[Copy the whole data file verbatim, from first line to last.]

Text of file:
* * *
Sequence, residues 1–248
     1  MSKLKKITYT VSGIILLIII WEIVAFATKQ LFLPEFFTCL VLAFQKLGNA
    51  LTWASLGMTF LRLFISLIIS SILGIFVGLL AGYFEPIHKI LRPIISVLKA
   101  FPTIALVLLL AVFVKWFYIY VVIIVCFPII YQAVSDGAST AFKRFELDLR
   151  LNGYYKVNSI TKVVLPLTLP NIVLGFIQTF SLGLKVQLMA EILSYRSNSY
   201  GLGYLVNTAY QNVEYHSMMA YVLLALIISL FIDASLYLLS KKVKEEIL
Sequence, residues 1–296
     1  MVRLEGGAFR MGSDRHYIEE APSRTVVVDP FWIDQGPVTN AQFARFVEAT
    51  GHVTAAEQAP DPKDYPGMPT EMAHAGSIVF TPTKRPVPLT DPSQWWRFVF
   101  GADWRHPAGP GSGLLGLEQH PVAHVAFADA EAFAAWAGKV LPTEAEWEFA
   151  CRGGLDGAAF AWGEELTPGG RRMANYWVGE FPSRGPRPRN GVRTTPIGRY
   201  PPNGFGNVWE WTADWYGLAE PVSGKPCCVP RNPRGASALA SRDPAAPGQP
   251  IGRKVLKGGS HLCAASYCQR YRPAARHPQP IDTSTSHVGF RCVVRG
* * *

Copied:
Sequence, residues 1–248
     1  MSKLKKITYT VSGIILLIII WEIVAFATKQ LFLPEFFTCL VLAFQKLGNA
    51  LTWASLGMTF LRLFISLIIS SILGIFVGLL AGYFEPIHKI LRPIISVLKA
   101  FPTIALVLLL AVFVKWFYIY VVIIVCFPII YQAVSDGAST AFKRFELDLR
   151  LNGYYKVNSI TKVVLPLTLP NIVLGFIQTF SLGLKVQLMA EILSYRSNSY
   201  GLGYLVNTAY QNVEYHSMMA YVLLALIISL FIDASLYLLS KKVKEEIL
Sequence, residues 1–296
     1  MVRLEGGAFR MGSDRHYIEE APSRTVVVDP FWIDQGPVTN AQFARFVEAT
    51  GHVTAAEQAP DPKDYPGMPT EMAHAGSIVF TPTKRPVPLT DPSQWWRFVF
   101  GADWRHPAGP GSGLLGLEQH PVAHVAFADA EAFAAWAGKV LPTEAEWEFA
   151  CRGGLDGAAF AWGEELTPGG RRMANYWVGE FPSRGPRPRN GVRTTPIGRY
   201  PPNGFGNVWE WTADWYGLAE PVSGKPCCVP RNPRGASALA SRDPAAPGQP
   251  IGRKVLKGGS HLCAASYCQR YRPAARHPQP IDTSTSHVGF RCVVRG